Five-Yen Coin and The Yellow House / by Stuart Ayre

 The ripe-rice side of the 5-yen coin and some daisies and grass where The Yellow House once stood

The ripe-rice side of the 5-yen coin and some daisies and grass where The Yellow House once stood


I visited the site where The Yellow House once stood in Arles, southern France, to pay my respects to Van Gogh. He lived in many dwellings in his life, and The Yellow House is the most famous of these, even though not a brick of it remains. This is where Van Gogh established his “studio of the south” (to which Paul Gauguin was briefly the other member) and where the bloody ear incident occurred. He also drew and painted much of his most proficient and well-known work in this simple house, work which now hangs on choice walls in some of the world’s grandest galleries.

In preparation for visiting the site, I took a 5-yen coin with me from Japan. I wanted to leave something at the site, and a 5-yen coin was an obvious choice for a few reasons: Van Gogh was intrigued by Japan, so a Japanese coin would have pleased him. The word for 5 yen in Japanese "go en" (五円) can also mean a connection or relation (御縁), and a 5-yen coin is donated at Shinto shrines to establish a good connection with the shrine's diety. And, finally, I think that Van Gogh would have liked the 5-yen coin design, as it features agricultural imagery (water and rice), a subject he often painted, and it's the only coin in Japan with its value written only in Japanese (Van Gogh painted Japanese writing in a couple of his paintings).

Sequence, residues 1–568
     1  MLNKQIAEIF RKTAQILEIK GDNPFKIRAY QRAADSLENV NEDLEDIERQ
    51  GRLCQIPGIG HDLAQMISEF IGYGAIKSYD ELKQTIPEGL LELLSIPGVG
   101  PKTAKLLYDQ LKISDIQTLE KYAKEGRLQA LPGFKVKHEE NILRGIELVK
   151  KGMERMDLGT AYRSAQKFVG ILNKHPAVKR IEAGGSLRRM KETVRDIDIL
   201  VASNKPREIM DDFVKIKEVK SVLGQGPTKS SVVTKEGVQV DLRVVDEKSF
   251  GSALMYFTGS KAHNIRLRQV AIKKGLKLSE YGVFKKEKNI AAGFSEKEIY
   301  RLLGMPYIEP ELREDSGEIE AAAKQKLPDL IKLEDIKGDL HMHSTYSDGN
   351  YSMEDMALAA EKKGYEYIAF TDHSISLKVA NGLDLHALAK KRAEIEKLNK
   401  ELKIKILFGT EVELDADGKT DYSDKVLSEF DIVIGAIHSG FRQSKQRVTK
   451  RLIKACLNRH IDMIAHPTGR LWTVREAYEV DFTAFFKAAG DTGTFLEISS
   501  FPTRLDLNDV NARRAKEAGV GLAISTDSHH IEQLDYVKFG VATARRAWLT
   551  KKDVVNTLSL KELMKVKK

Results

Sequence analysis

I pushed the coin as deeply as I could into the soil under the grass where the house once stood, hoping that it would remain there for some time.
 

 The site of The Yellow House and a sign showing one of Van Gogh's depictions of it

The site of The Yellow House and a sign showing one of Van Gogh's depictions of it